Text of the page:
IRS Announces Temporary Relief for Small Employers Who Reimburse Employee Individual Medical Insurance Premiums also New Health Savings Account Rules for 2016
Compliance Dangers of Arrangements that Assist Employees with the Payment of Individual Health Insurance Premiums
By this time, all advisors should be aware that the IRS considers it a violation of the provisions of the Affordable Care Act (“ACA”) for an employer to maintain any kind of arrangement that reimburses current employees pretax for individual major medical premiums.
In addition, recent IRS guidance has stressed that if the reimbursement is conditional on the employee having obtained health insurance coverage, such an arrangement will violate the ACA EVEN IF the employer adds the payment to the employee’s W-2 as taxable compensation.
The penalty for continuing to maintain such an arrangement is potentially $100 per day PER EMPLOYEE with no maximum penalty amount. Potentially, this could mean a penalty of $36,500 per employee per year.
The following example illustrates a common situation that violates the ACA:
My employees submit proof that they have individual health insurance (such as a copy of the premium notice). I then either pay the premium or reimburse them for the premium and add the payment or reimbursement amount to their W-2.
Because the receipt of the funds or payment of the premium is conditioned on the purchase of health insurance, the arrangement violates the ACA.
The following example is apparently the only arrangement that will not violate the ACA:
Because I want my employees to have health insurance and I do not want to sponsor a group plan, I announce to all of my employees that I am providing $500.00 (or some other fixed amount) per month to each employee to purchase health insurance. Any amount not used to purchase health insurance will be added to their pay check. The entire amount (premiums and additional pay) will be added to their W-2.
While this approach provides no tax benefit, it is the only remaining safe course available to employers who do not want to sponsor a group health plan.
TEMPORARY RELIEF FOR CERTAIN SMALL EMPLOYERS
On February 18th the IRS issued IRS Notice 2015-17 which gives small employers (employers with fewer than 50 Full Time Equivalent employees) though June 30, 2015 to end non-compliant arrangements without being subject to the penalty tax. (The relief was not extended to employers in the 50-100 or over 100 employee ranges.)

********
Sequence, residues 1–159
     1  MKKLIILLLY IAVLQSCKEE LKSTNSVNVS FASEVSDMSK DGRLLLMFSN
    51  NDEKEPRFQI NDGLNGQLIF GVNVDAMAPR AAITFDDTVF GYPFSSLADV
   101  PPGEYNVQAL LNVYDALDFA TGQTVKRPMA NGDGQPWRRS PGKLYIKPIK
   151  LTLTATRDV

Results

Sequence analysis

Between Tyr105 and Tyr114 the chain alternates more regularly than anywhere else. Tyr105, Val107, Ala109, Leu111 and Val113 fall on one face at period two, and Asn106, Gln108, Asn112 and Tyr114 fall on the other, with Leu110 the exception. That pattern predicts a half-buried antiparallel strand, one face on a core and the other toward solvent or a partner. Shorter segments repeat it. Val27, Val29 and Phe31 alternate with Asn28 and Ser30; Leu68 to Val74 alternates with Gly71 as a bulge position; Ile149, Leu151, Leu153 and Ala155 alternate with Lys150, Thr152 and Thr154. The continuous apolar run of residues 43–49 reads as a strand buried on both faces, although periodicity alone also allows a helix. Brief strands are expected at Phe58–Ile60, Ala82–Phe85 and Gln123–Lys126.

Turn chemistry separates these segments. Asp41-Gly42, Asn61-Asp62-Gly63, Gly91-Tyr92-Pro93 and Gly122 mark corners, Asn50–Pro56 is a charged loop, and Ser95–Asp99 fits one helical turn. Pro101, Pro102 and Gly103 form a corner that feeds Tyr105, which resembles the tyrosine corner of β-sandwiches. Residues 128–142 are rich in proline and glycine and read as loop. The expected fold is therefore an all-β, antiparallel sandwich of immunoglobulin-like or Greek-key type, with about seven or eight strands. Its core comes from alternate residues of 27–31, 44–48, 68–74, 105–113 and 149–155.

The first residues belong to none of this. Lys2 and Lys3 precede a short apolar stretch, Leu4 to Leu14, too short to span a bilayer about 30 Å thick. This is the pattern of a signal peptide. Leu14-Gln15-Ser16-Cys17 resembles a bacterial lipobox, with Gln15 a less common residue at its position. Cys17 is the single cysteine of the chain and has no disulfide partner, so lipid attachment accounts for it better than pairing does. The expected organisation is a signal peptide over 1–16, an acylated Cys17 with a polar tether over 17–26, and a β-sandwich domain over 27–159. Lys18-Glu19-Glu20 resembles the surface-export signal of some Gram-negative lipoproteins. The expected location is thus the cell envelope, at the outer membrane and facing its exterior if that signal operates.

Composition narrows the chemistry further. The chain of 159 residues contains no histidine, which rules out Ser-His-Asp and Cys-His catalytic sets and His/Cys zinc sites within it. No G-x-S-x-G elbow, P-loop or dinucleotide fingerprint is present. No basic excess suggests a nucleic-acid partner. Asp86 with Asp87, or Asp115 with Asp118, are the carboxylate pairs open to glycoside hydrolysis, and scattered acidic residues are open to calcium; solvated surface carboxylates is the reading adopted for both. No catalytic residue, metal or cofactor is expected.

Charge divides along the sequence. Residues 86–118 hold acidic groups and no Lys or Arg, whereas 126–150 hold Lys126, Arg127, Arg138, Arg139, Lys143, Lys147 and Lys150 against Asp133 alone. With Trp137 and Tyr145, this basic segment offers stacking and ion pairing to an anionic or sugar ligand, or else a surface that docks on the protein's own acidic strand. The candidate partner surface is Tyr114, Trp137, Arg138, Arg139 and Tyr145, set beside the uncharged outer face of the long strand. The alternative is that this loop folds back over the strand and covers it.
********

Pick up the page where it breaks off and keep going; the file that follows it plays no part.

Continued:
Special Rules for S-Corporations that maintain a shareholder-employee health care arrangement.
Additional relief was provided for certain S-Corporation arrangements where the S-Corporation pays or reimburses the individual health insurance premiums for a 2% Shareholder and the payment or reimbursement is included in income. Similar relief was not specifically provided for partners in a partnership.
Special Rules also apply to certain other arrangements.
Special integration rules also apply which may permit Medicare Premium Reimbursement Arrangements and TRICARE-Related HRAs.
NEW HEALTH SAVINGS ACCOUNT RULES FOR 2016
An FAQ issued by HHS on March 10th indicates that beginning in 2016 a High Deductible Health Plan cannot impose an out-of-pocket maximum for an individual that is greater than that imposed by the law for self-only coverage, even if the policy provides other than self-only (i.e., family) coverage.
For example, if a person purchased family HDHP coverage with a $10,000.00 out-of-pocket limit, the plan would have to begin payment of benefits when any individual covered under the policy incurred $6,850 of covered expenses (the annual limit on cost-sharing for 2016 for self-only coverage).
This interpretation effectively embeds an individual out-of-pocket limit in all family health plans that have an out-of-pocket limit greater than the self-only out-of-pocket limit.
This article is intended primarily to be a brief discussion of some of the guidance that has recently been issued concerning the above subjects. It is not intended to be legal, accounting, tax return preparation or other professional advice. Advantage Administrators assumes no liability whatsoever in connection with the this article, nor is this article directed to specific situations. Employers are encouraged to discuss the issues raised by this article with their own legal counsel and other advisors.